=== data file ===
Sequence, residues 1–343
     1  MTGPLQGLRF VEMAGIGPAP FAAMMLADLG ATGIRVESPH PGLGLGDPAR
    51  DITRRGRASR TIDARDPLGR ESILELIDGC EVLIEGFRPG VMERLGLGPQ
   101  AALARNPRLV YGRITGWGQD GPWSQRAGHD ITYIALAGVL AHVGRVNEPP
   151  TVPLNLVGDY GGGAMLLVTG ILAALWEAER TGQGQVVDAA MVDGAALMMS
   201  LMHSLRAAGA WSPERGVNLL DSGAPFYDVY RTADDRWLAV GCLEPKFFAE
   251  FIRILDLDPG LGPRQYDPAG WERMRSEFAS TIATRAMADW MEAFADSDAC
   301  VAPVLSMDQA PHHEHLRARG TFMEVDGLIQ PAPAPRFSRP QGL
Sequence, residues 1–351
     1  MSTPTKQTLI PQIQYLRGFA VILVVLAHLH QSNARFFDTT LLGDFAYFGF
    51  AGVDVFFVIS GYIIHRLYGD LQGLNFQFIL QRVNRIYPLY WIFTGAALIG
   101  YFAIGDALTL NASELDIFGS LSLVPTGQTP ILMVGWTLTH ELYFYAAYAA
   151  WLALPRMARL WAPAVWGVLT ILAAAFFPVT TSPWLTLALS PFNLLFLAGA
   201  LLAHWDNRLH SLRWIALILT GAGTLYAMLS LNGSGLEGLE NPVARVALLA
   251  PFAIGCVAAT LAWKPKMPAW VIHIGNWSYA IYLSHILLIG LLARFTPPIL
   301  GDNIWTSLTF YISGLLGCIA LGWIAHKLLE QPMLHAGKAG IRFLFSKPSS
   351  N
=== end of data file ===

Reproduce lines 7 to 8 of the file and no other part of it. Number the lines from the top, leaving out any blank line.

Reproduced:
   251  FIRILDLDPG LGPRQYDPAG WERMRSEFAS TIATRAMADW MEAFADSDAC
   301  VAPVLSMDQA PHHEHLRARG TFMEVDGLIQ PAPAPRFSRP QGL